Tourists tend to avoid Southeast Asia in the monsoon months, for many expect it being rainy every day and all-day. They fear mosquito-born diseases and floods.
Well, in fact it's not all that bad. Rainy season can be a very rich and beautiful time in the tropes. There are many more animals active, it's all green around and it's considerably cooler than in most of the dry season.
Another positive aspect of the monsoon season is the lack of tourism; prices drop, places are not crowded, life is more relaxed.
Besides it's not raining all-day long. It's mostly rather raining for an hour or two, or there is a shower coming down, while it afterwards might be sunny again or cloudy only. In north Sumatra, let's say Bukit Lawang or at Lake Toba, one can almost set the clock for the afternoon rain, what starts usually around four o'clock. There it comes mostly as heavy pouring and continues over many hours, sometimes over the whole night. Next morning it's clear and sunny again. One can be very active over most of the day outdoors.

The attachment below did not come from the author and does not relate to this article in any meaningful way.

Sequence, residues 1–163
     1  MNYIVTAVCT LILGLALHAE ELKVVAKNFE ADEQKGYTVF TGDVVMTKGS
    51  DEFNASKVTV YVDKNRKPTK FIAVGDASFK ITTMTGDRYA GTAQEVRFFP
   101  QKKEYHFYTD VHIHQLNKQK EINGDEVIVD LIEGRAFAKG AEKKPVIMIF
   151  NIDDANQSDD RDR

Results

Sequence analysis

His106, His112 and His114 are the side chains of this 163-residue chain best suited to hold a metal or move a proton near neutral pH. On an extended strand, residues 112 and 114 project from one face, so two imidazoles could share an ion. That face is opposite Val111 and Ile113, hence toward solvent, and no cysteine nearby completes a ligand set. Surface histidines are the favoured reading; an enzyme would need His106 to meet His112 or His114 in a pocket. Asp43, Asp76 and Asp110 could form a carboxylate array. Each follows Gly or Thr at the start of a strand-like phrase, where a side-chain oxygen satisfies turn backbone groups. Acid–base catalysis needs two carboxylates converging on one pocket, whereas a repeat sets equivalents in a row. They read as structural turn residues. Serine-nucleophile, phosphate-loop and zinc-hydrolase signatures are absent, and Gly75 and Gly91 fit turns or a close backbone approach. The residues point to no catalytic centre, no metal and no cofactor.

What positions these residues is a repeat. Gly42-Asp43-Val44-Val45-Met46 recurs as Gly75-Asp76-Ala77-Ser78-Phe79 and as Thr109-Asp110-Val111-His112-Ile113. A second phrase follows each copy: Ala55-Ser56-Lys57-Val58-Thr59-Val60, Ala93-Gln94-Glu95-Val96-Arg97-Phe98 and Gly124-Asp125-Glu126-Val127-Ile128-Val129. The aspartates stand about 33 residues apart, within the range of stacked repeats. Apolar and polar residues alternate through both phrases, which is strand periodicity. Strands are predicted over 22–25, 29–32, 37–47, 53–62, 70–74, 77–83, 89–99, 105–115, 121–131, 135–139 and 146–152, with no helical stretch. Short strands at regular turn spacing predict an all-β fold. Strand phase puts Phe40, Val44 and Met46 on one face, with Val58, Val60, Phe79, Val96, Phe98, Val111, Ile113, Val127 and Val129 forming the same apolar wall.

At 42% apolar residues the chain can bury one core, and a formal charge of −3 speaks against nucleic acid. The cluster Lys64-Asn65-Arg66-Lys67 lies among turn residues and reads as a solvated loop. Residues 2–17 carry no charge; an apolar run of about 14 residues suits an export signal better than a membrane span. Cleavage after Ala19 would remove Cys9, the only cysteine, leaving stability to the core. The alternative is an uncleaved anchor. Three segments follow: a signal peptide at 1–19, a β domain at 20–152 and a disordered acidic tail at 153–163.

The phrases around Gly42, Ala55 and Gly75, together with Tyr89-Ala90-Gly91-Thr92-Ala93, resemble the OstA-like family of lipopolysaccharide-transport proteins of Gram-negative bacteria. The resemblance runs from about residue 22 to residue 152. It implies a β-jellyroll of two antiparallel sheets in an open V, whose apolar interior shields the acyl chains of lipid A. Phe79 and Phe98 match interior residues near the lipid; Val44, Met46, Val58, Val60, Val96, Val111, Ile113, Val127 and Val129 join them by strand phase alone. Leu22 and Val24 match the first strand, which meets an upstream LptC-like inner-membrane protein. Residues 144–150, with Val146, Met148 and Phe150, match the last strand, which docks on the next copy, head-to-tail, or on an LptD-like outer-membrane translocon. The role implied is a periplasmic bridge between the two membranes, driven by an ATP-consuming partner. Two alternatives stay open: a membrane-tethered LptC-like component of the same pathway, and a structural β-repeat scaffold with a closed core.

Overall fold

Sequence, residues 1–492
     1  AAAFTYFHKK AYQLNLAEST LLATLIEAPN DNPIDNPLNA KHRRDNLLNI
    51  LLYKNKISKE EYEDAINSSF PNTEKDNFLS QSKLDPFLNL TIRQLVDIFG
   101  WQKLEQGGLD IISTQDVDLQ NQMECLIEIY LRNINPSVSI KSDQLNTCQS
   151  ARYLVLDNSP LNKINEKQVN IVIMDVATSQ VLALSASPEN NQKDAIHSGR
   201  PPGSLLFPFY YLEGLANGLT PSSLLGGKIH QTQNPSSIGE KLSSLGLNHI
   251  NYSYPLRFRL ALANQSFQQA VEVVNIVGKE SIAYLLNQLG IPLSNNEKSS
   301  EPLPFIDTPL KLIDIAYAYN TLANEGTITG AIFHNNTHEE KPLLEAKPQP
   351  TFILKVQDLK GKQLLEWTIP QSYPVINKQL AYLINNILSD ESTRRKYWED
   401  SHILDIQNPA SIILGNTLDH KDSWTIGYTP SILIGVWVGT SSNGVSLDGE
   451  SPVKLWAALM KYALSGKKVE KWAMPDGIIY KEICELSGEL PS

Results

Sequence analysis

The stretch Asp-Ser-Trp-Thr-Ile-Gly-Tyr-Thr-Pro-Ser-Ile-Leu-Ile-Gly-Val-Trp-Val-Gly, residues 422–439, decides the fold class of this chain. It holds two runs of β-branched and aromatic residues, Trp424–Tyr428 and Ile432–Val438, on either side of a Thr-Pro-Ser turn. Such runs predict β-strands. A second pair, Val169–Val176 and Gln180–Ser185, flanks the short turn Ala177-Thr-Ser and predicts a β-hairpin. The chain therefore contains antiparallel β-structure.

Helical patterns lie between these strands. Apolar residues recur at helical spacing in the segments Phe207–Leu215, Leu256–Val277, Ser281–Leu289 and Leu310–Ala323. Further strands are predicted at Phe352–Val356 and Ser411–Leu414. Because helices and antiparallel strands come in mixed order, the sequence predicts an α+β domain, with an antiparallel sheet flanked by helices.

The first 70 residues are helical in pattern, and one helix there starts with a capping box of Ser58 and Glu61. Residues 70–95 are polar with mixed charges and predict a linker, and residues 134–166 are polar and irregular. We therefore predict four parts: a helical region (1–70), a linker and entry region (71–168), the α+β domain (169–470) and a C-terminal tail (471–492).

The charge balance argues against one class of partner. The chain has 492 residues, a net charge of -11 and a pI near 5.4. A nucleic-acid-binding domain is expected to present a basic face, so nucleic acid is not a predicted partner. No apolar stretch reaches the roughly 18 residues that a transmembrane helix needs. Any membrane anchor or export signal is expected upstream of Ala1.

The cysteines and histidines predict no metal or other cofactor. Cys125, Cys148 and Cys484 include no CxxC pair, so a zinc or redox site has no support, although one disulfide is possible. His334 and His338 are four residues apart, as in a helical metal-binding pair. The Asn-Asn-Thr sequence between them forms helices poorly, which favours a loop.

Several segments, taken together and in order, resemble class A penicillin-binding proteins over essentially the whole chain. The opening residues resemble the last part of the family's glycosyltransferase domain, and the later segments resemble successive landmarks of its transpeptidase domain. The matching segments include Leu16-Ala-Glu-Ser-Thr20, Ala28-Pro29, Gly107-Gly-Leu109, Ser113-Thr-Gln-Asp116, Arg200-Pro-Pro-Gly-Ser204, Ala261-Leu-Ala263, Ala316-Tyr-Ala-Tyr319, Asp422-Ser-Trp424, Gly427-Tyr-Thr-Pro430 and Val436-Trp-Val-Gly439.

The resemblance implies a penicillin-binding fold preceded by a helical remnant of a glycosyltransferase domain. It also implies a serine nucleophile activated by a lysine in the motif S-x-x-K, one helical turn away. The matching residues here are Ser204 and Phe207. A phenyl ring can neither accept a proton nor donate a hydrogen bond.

As a rule of thumb one can say as closer one approaches the equator, as more rain is to expect.
Southeast Asian Monsoon
Map: Tropical monsoon in Indochina. Indochina marks the mainland part of the Southeast Asian peninsula. The pattern is quite simple: the southwest monsoon, normally called the rainy season, is appearing annually out of the direction of India and south of it, crossing the Indian Ocean and moving into the countriesMalaysia, ThailandCambodia and Burma/Myanmar. Much of it is pouring down at the bordering mountain ranges as the Barisan Mountains in and the Tenasserim Mountain Range in south Thailand. As further it penetrates inland, as weaker it gets. It's time is between May to October. There are big local differences.
The northeast monsoon is of a very different kind. It brings far less rain, rather dry and cooler winds from the inner Asian continent (China). It's time is from December to February.